The press felt conditioning agents of the present invention are preferably applied by metering into one or more fresh water showers directed onto a press felt between the press nip and the vacuum or uhle box utilized for dewatering the felt. The conditioners are effective at inhibiting the deposition of PAE wet strength resin contaminants in the press felts. It was discovered that fatty acid imidazolines and alkylamidopropyldimethylamines having similar alkyl hydrophobe substituents are unexpectedly efficacious PAE type contaminant inhibitors. The alkyl hydrophobe substitutions can be saturated, unsaturated, monounsaturated or branched alkyl groups. Ethoxylated nonylphenol having greater than 30 moles of ethoxylation and sodium n-hexadecyl diphenyloxide disulfonate were also found to be effective PAE type contaminant inhibitors.
The present invention relates to a process for inhibiting the deposition of PAE type contaminants in the felts in the press section of a papermaking system. The process of the present invention comprises treating the felts, typically in an aqueous spray or shower, with a felt conditioner. The felt conditioner of the present invention comprises an effective inhibiting amount of an ethoxylated nonylphenol having greater than 30 moles of ethoxylation, a sodium n-hexadecyl diphenyloxide disulfonate, an alkyl substituted fatty acid imidazoline or an alkyl substituted amidopropyldimethylamine. The alkyl substituent is an alkyl hydrophobe radical which can be saturated, unsaturated, monounsaturated, or branched alkyl groups.
Fatty acid amidazolines in accordance with the present invention are exemplified by the general structure. ##STR1##
Alkylamidopropyldimethylamines in accordance with the present invention are exemplified by the general structure. ##STR2##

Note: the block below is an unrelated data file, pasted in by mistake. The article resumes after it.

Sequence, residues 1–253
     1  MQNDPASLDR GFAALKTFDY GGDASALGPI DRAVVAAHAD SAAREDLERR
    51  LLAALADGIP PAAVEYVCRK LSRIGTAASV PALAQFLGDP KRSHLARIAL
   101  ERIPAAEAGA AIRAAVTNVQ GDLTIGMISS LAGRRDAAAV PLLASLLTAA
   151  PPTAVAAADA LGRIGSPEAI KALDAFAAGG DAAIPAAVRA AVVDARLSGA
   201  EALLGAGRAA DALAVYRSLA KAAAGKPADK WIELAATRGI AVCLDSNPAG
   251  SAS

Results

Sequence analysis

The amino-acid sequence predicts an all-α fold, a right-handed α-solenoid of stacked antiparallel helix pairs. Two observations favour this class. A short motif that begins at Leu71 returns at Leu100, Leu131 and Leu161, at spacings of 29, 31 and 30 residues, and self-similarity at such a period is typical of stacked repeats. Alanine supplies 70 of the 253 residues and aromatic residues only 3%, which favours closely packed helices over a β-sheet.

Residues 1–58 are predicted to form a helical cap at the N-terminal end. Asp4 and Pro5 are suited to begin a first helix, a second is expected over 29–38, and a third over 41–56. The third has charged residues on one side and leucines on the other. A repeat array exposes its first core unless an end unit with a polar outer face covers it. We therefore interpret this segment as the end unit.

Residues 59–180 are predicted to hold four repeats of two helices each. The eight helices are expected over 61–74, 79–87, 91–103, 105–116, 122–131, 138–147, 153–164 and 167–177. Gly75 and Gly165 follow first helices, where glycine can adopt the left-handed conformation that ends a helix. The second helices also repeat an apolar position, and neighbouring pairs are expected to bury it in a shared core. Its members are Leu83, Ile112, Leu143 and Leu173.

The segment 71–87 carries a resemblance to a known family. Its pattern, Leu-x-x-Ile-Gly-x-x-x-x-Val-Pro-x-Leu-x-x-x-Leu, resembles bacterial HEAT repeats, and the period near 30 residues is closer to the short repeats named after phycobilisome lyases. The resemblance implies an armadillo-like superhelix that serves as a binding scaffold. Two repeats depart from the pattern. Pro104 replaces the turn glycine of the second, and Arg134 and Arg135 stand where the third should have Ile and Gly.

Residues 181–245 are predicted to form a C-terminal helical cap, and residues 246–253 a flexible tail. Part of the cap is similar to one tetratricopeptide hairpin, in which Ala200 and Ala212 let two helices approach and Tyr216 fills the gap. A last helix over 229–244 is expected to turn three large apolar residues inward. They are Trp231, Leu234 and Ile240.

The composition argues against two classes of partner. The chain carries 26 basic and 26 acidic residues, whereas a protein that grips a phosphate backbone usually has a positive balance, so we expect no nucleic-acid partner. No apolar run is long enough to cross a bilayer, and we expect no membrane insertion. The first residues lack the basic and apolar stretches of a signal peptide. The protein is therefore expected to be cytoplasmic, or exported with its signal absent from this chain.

R is an alkyl hydrophobe radical with a preferred carbon chain length of C18. R can be saturated, unsaturated, mono unsaturated or a branched alkyl group.
The fatty acid imidazoline and alkylamidopropyldimethylamine are the preferred felt conditioners of the present invention.
The press felt conditioners of the present invention are typically applied to the press felt in an aqueous shower. The conditioner is preferably metered into one or more fresh water showers directed onto a press felt between the press nip and the vacuum or uhle box utilized for dewatering the felts. The required amount or concentration of conditioner will depend on, among other things, the volume of shower water employed, the production rate, the amount of PAE resins used, etc. Generally, the total concentration of the conditioning agent of the present invention may range from about 15 to 1,200 parts per million of the aqueous medium. Preferably, the conditioning agent is added at concentrations of from about 75 to about 350 parts per million of the aqueous showering medium.
The practice of the present invention will be illustrated in the following examples. These examples are included as illustrations only and should not be construed as limiting the scope of the present invention.
The following examples demonstrate the unexpected efficacy of the felt conditioning treatment of the present invention. The data was obtained utilizing a continuous felt conditioning test apparatus and a simulated synthetic contaminant test system. The synthetic contaminant test system contained PAE wet strength resin, inorganic fillers, wood pitch and a hemicellulose substitute. The continuous felt conditioning testing incorporates a clean (unused) tissue grade press felt of known initial weight and air permeability placed on a heavy mesh support screen through which the treated and untreated contaminant solutions are pressed. After continuous conditioning testing, the sample is dried and acclimated at ambient temperature prior to retesting for percent weight gain and air permeability loss. Lower percent weight gain (less deposition) and lower numbers for permeability loss are indicative of a better performance. The simulated synthetic contaminant used in the testing is set out in Table 1.